Designating Monuments, Obama Touts Conservation as US Ideal

Designating Monuments, Obama Touts Conservation as US Ideal

Designating Monuments, Obama Touts Conservation as US Ideal

A South Side Chicago neighborhood is now a national monument.

Published February 19, 2015

CHICAGO (AP) — Designating the country's newest national monuments, President Barack Obama said Thursday that protecting places of natural beauty and historic significance is a truly American ideal.

Obama used the powers of the presidency to designate the Pullman National Monument in his hometown. The historic South Side neighborhood is where African-American railroad workers won a significant labor agreement in the 1930s that Obama said led to such protections as the 40-hour work week.

"So this site is at the heart of what would become America's labor movement," he said.

Pullman workers also played a role in the rise of the black middle class.

Obama began his career as a community organizer nearby and said returning to designate the monument "brings back a lot of good memories."

Before leaving Washington, Obama signed a proclamation in the Oval Office designating the Browns Canyon National Monument in Colorado, a 21,000-acre site along the Arkansas River popular for whitewater rafting. In Chicago, he also announced designation of the Honouliuli National Monument in Hawaii, the site of an internment camp where Japanese-American citizens and prisoners of war were held during World War II.

"Conservation is a truly American ideal," Obama said. "The naturalists and industrialists and politicians who dreamt up our system of public lands and waters did so in the hope that by keeping these places, these special places in trust, places of incomparable beauty, places where our history was written, then future generations would value those places the same way as we do."

Obama also announced a new program to provide fourth-graders and their families with free admission to national parks for a year.

The Pullman designation honors the neighborhood built by industrialist George Pullman in the 19th century for workers to manufacture luxurious railroad sleeping cars. The 203-acre Pullman site includes factories and buildings associated with the Pullman Palace Car Company, which was founded in 1867 and employed thousands of workers to construct and provide service on railroad cars. While the company employed a mostly white workforce to manufacture railroad passenger cars, it also hired former slaves to serve as porters, waiters and maids on its iconic sleeping cars.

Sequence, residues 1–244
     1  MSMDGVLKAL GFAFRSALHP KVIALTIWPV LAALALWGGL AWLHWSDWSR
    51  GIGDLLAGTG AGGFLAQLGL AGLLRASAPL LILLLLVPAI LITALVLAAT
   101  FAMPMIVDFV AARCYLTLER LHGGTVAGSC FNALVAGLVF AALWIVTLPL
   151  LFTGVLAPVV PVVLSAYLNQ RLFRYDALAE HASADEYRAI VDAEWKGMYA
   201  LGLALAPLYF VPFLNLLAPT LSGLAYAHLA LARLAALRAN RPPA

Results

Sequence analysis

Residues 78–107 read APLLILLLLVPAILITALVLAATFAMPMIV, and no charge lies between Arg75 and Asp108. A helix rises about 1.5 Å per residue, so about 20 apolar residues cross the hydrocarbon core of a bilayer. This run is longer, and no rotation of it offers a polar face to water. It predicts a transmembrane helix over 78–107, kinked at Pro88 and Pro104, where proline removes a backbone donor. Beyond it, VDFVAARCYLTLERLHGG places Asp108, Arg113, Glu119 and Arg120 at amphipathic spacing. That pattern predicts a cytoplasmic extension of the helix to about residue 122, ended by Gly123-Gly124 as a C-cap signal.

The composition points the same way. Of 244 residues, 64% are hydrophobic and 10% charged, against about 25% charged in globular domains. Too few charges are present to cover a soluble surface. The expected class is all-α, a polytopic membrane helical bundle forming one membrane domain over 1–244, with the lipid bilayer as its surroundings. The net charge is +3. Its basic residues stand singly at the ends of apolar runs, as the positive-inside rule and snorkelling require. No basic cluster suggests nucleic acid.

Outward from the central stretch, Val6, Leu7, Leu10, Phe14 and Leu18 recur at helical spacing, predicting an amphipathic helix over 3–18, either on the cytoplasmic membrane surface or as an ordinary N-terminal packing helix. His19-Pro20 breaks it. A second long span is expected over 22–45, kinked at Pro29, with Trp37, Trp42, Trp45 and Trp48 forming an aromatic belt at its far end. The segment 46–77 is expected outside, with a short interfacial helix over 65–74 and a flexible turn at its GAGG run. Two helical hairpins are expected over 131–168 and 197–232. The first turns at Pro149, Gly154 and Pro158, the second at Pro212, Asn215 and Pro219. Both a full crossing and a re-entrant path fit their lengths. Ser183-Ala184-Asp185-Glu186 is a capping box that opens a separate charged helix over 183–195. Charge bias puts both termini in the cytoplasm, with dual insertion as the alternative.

The railroad industry — Pullman in particular — was one of the largest employers of African-Americans in the United States by the early 1900s. Pullman workers played a major role in the rise of the black middle class and, through a labor agreement won by the Brotherhood of Sleeping Car Porters, they helped launch the civil rights movement of the 20th century, the White House said.

The new monuments bring to 16 the number of national monuments Obama has created under the 1906 Antiquities Act, which grants presidents broad authority to protect historic or ecologically significant sites without congressional approval.

Some Republicans have complained that Obama has abused his authority. They renewed their complaints over the newest designations, especially the Colorado site, the largest in size by far among the three new monuments.

Obama should "cut it out," said Rep. Ken Buck, R-Colo. "He is not king. No more acting like King Barack."

Rep. Doug Lamborn, R-Colo., called the move a "top-down, big-government land grab by the president that disenfranchises the concerned citizens in the Browns Canyon region" in central Colorado, about 140 miles southwest of Denver.

Outdoors and wildlife groups applauded the Browns Canyon designation, saying it would allow future generations to enjoy its spectacular landscapes, world-class whitewater rafting, hunting and fishing.

Illinois' senators, Democrat Richard Durbin and Republican Mark Kirk, hailed the Pullman designation.

"As Chicago's first national park, Pullman's 135 years of civil rights and industrial history will be protected and enjoyed for generations to come," Kirk said. He said the new park would bring up to 30,000 visitors and more than $40 million annually.

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(Photo: Carolyn Kaster/AP Photo)

Written by Josh Lederman and Matthew Daly, Associated Press


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